At this time I had been in the legation two years, and was comfortably lodged in pleasant apartments in the Rue Rivoli.

Somewhere about the beginning of July I had occasion to engage a new servant, and of this it becomes needful to speak because the man I took chanced to play a part in the little drama which at last involved many more important people.

I had dismissed a stout Alsatian because of my certainty that, like his predecessor, he was a spy in the employ of the imperial police. There was little for him to learn; but to feel that I was watched, and, once, that my desk had been searched, was disagreeable. This time I meant to be on safer ground, and was inquiring for a suitable servant when a lean, alert little man presented himself with a good record as a valet in England and France. He was very neat and had a humorous look which caught my fancy. His name was Alphonse Duret. We agreed easily as to wages and that he was to act as valet, take care of my salon, and serve as footman at need. Yes, he could come at once. Upon this I said:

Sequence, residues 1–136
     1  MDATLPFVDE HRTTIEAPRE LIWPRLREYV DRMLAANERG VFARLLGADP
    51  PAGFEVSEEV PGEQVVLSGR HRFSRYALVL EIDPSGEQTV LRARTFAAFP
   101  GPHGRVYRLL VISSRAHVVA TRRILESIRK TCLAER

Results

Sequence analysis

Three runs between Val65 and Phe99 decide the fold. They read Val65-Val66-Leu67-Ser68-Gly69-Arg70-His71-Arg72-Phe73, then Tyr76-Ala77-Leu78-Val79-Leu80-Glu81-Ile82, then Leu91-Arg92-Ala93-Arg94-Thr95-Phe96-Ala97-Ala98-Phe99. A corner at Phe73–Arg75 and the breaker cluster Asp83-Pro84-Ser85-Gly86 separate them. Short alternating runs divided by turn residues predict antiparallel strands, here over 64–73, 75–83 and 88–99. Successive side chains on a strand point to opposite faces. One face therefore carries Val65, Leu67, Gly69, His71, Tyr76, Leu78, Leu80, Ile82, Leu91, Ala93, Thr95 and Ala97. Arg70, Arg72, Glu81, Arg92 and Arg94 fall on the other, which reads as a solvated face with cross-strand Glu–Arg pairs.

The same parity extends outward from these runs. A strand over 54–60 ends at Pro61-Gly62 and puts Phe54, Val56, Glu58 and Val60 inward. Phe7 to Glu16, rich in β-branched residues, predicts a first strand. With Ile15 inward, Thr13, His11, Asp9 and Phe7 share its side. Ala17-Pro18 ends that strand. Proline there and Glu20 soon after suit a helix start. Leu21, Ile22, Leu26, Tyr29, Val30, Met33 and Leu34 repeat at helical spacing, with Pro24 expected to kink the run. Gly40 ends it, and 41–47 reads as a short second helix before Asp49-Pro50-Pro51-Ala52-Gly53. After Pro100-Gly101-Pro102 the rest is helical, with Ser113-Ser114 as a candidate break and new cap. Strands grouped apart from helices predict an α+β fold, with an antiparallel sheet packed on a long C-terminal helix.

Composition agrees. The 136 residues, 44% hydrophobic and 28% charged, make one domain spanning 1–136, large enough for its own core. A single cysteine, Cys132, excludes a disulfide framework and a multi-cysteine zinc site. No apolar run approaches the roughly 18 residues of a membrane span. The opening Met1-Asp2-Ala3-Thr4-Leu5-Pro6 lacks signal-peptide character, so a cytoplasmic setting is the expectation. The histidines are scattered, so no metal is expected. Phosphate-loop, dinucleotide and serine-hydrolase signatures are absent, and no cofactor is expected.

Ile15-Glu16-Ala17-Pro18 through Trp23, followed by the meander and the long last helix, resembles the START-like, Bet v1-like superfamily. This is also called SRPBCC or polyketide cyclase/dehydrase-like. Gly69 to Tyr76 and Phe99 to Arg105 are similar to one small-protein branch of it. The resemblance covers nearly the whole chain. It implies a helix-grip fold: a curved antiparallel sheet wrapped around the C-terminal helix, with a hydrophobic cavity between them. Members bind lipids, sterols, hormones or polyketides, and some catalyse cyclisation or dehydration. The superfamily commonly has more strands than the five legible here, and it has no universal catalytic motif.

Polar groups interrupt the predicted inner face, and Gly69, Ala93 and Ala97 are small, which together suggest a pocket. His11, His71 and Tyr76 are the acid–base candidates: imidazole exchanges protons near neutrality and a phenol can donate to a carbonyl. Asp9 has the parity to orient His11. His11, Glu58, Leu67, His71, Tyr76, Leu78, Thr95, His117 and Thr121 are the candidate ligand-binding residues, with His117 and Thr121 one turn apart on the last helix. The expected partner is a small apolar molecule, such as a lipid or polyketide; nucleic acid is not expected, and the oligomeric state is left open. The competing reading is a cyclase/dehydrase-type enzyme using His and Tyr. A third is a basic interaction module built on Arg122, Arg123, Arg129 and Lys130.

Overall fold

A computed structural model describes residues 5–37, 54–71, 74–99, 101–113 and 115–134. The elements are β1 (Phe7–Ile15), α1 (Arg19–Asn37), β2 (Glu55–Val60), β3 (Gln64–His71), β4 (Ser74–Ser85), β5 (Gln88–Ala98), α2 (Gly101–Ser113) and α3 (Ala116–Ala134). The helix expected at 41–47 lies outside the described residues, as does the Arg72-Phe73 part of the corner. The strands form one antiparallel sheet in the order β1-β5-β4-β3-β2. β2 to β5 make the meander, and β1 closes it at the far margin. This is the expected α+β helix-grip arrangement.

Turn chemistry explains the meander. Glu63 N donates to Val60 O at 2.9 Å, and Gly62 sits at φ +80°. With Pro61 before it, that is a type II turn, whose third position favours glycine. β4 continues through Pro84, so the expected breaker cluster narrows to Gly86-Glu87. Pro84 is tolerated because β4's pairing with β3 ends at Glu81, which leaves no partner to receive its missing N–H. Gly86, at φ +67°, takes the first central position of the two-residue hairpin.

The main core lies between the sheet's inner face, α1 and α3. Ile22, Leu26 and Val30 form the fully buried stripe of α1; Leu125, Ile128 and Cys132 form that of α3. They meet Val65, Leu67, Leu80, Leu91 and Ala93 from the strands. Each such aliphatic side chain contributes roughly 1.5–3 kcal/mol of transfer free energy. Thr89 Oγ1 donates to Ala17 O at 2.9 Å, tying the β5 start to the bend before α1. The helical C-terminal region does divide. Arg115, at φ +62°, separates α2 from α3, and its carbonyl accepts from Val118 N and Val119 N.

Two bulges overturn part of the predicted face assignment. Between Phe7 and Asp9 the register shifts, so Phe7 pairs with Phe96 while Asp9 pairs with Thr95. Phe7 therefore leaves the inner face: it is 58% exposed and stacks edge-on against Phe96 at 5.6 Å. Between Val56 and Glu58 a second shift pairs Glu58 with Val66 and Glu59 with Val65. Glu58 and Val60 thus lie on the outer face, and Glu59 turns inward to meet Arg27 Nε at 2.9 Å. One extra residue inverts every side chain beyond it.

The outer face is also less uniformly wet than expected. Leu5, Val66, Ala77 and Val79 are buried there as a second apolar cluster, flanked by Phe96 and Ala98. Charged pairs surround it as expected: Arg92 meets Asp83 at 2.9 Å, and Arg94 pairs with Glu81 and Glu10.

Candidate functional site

A word more and I engage you. And then, sure that his reply would be a confident negative, Are you not a spy in the service of the police? To my amused surprise he said:

Yes, but will monsieur permit me to explain?


I was intended by my family to be a priest, but circumstances caused me to make a change. It was not gay.

Well, hardly.

I was for a time a valet, but circumstances occurred—monsieur may observe that I am frank. Later I was on the police force, but after two years I fell ill and lost my place. When I was well again, I was taken on as an observer. Monsieur permits me to describe it as an observer?

A spy? I said.

I cannot contradict monsieur. I speak English—I learned it when I was valet for Mr. Parker in London. That is why I am sent here. The pay is of a minuteness. Circumstances make some addition desirable.